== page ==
Pilots Strike Against Limassol Port Privatization
Forty pilots and tugboat captains at the Port of Limassol, Cyprus, have announced that beginning March 21, they will go on an indefinite strike in protest of the port's ongoing privatization. They claim that the final offer for the marine services portion of the concession was too low, and described the bid offer as "humiliating."
The winning bid for marine services entails a $565,000 starting fee, plus an additional $170,000 per year and a percentage of revenues.
The pilots and tug captains said that they generate $10 million annualy for the port, and that "destroying the port pilot service does not serve the public interest. On the contrary it only serves the private interests of those involved.” They pointed out that the winning bids for the other components of the privatization, the container terminal and the multipurpose terminal, were many times higher.
The strike will occur just ahead of a legislative vote that would finalize the privatization.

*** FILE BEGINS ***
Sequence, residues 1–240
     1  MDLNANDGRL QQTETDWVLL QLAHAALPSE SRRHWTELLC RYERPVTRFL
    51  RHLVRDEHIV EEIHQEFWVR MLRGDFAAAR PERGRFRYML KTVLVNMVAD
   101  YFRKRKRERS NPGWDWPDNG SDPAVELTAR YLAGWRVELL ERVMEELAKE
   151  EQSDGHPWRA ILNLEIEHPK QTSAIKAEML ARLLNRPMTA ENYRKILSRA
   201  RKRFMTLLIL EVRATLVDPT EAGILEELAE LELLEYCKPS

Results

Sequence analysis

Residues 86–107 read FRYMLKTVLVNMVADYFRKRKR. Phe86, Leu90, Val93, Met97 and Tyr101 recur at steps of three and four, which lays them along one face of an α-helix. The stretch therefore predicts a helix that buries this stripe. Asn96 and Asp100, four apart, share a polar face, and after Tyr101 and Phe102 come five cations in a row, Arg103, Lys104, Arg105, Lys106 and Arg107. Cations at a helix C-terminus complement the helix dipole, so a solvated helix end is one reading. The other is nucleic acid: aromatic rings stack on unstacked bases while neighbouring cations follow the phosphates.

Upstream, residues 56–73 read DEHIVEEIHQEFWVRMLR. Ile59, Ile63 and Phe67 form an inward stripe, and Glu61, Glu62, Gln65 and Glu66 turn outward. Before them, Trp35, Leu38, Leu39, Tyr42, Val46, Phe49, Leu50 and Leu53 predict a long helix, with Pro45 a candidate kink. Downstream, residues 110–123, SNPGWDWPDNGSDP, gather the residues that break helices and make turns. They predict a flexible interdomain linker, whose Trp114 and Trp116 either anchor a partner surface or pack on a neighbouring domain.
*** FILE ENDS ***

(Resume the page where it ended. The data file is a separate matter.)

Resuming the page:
The two-year bidding process was finalized last month; fourteen bids were received in the tender, including six for the container terminal, three for marine services and five for the multipurpose terminal. A consortium comprised of lead partner EuroGate International, Interorient Navigation and East Med Holdings is to take over the container terminal's operations soon. Marine services will be provided by DP World, P&O Maritime and G.A.P. Vassilopoulos.
Strikes against privatization have occurred sporadically for the past several years, most recently including a 48-hour pilots' strike in January. The privatization of commercial operations at Limassol and Larnaca is a requirement of the 2013 bailout deal between Cyprus and its international creditors, similar to the ongoing of port privatizations in Greece.